Seismic-wave attenuation and dispersion are studied in most geophysical curricular and broadly used in both academic and applied research. Applications of these concepts include identification of gas reservoirs and chimneys from frequency-dependent seismic amplitudes, analysis of frequency dependent P-and S-wave velocities, interpretation of the effects of porosity and fluid saturation using laboratory experiments with rock samples, amplitude- and Q-variation with offset studies, time-lapse data analysis and reservoir monitoring, and Q-compensation increasing the resolution of reflection seismic sections.
The volumes of modern gridded data collected by the geophysical exploration industry are often large and can benefit from methods for image decomposition, pattern analysis, and interpretation. Automated pattern-recognition methods can be useful for both seismic and potential-field images. In both of these cases, it is important to extract quantitative attributes useful for further data analysis and inversion for the subsurface structure.
GeoConvention offers some of the best local and international insights to efficient energy exploration and production, critical to the success of the industry and provides an opportunity for delegates and exhibitors to benefit from and give back to the community, through Technical Sessions, Posters, the Showcase Stage and the Exhibition floor.
There was a range of reactions from support to disbelief from friends and colleagues. Why had I left my full-time job to return to University? I had wanted to do my M.Sc. for a while. I even have the high school journal entry where getting a Master’s degree is in a list of goals. I’m confident my father was a significant influence on that goal, but it was also nurtured over the years through the excellent counsel from family, friends, mentors, and bosses. My story is about completing school while working for three different companies and growing my family.
The Montney formation in British Columbia and Alberta has gained prominence in recent years due to the exploration and production boom which has yielded more than 3.5 bcf/d in production output and in excess of 440 TCF of reserves. It is one of the largest unconventional plays in North America, covering 130,000 km2 with 5600 wells drilled to date.
Practical management of induced seismicity risk and effective mitigation approaches are crucial to oil and gas operations. Effective risk management procedures benefit from an accurate forecast of the largest potential magnitude event in near real-time, allowing the adjustment of operational parameters to reduce the probability of a felt or damaging event. Many models have been proposed to estimate the magnitude of the strongest possible event. Some of these models rely solely on statistics of recorded seismicity while others account for the relation of event size with operational parameters.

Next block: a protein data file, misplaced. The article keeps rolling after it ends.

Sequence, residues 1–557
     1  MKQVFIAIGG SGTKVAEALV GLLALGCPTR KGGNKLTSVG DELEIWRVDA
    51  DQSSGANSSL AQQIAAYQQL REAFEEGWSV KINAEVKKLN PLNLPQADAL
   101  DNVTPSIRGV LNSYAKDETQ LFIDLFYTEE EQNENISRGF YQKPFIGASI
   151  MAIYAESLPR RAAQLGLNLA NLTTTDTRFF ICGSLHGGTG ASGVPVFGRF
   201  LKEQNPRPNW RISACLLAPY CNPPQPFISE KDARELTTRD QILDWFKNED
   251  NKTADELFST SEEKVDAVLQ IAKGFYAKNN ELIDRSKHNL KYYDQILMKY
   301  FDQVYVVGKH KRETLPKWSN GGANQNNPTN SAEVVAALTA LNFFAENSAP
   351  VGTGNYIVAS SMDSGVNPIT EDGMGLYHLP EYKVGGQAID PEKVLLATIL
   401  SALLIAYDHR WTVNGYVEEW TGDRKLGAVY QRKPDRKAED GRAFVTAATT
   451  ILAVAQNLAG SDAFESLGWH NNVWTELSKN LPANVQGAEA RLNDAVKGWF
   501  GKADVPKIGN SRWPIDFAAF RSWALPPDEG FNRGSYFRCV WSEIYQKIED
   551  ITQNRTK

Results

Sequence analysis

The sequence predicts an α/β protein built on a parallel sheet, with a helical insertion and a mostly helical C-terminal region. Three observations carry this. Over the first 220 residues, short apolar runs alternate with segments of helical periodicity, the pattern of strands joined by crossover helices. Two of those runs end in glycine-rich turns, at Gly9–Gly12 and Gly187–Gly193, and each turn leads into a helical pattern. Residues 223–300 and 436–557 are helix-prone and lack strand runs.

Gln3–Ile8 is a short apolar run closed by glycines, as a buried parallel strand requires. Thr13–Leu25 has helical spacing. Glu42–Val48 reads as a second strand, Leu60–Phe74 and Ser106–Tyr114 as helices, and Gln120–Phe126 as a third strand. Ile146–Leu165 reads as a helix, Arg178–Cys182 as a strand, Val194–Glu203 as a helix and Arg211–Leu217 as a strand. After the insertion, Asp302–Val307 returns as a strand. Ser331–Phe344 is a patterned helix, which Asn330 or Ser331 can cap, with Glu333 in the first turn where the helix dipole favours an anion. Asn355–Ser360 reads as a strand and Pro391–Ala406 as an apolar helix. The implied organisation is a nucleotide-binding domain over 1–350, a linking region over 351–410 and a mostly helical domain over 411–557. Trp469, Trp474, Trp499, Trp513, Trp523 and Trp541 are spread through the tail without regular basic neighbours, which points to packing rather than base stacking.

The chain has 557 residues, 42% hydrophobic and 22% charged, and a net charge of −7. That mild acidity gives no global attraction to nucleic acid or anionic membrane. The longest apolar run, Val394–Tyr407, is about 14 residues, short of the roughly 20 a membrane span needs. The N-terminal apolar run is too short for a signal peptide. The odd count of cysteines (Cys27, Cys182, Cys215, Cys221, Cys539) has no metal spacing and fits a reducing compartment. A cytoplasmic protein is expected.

The Banff 2018 Induced Seismicity Workshop, hosted by the Canadian Induced Seismicity Collaboration and the Canadian Society for Unconventional Resources, brought together academics, industry and regulators, from around the world, to discuss learnings about induced seismicity. The theme of the workshop was “bridging and integrating knowledge” across sectors, and across different induced seismicity settings and types.
Water is integral to our economy, the health of our environment, and a necessity for all life forms and human development. Most water is accessed from surface sources, primarily rivers, which are now under increased threat due to over use and growing hydro-political forces. Still, groundwater exists as a viable option in many countries facing these mounting challenges.
Shallow and deep groundwater can be a major environmental obstacle for any geophysical surveying technique, especially radio waves. Ground penetrating radar (GPR) is a mature technology with applications in many areas; see Daniels (2004) for an overview. Almost all applications are restricted to imaging the subsurface to a rather shallow depth: large losses of signal occur when propagating through materials with free ions.
Shallow groundwater is often hosted in Quaternary sediments that are very complex in nature and challenging to map. Traditional mapping and exploration methods to delineate these features are often time consuming, costly, and provide uncertain results. Airborne electromagnetic (EM) techniques have proven effective in delineating these aquifers over extensive geographic areas in a very timely and cost effective manner.
As geoscientists and engineers, and like most other professionals, we take pride in using our education and experience for the betterment of society. In developed countries, the value of such work on water supply projects may not be so obvious, where we take for granted that our communities will always have access to a ready supply of safe drinking water, and that we have built enough resilience to avoid running out of water should catastrophe strike.
In the Athabasca oil sands, lithology and fluid composition are typically better correlated with density than with other elastic properties, such as P- and S-wave velocity. Therefore, improving the accuracy of density estimates in oil-sands reservoirs has become one of the most important goals in quantitative interpretation.
The Schlumberger brothers were the first to use the direct current (DC) resistivity method for exploration, in oil well boreholes in Russia during the 1920’s. A unique phenomenon, now referred to as induced polarization (IP) chargeability, was noticed at the time, but not understood until simultaneous developments in both Russia and North America in the 1950’s. This lead to the development of the time domain and frequency domain IP methods.
Muon geotomography is a novel density measurement technique based on the absorption of cosmic ray muons in the ground. Naturally occurring cosmic ray muons emanating from the upper atmosphere lose energy as they penetrate the earth. These muons are absorbed at a rate that is proportional to the density of the material they pass through.
Over the past 10 years, land seismic acquisition has changed significantly. Nodal/cable-less systems have broadly replaced cabled systems, vibroseis sources have replaced explosive sources even in areas with difficult terrain, and high-density seismic programs are becoming commonplace.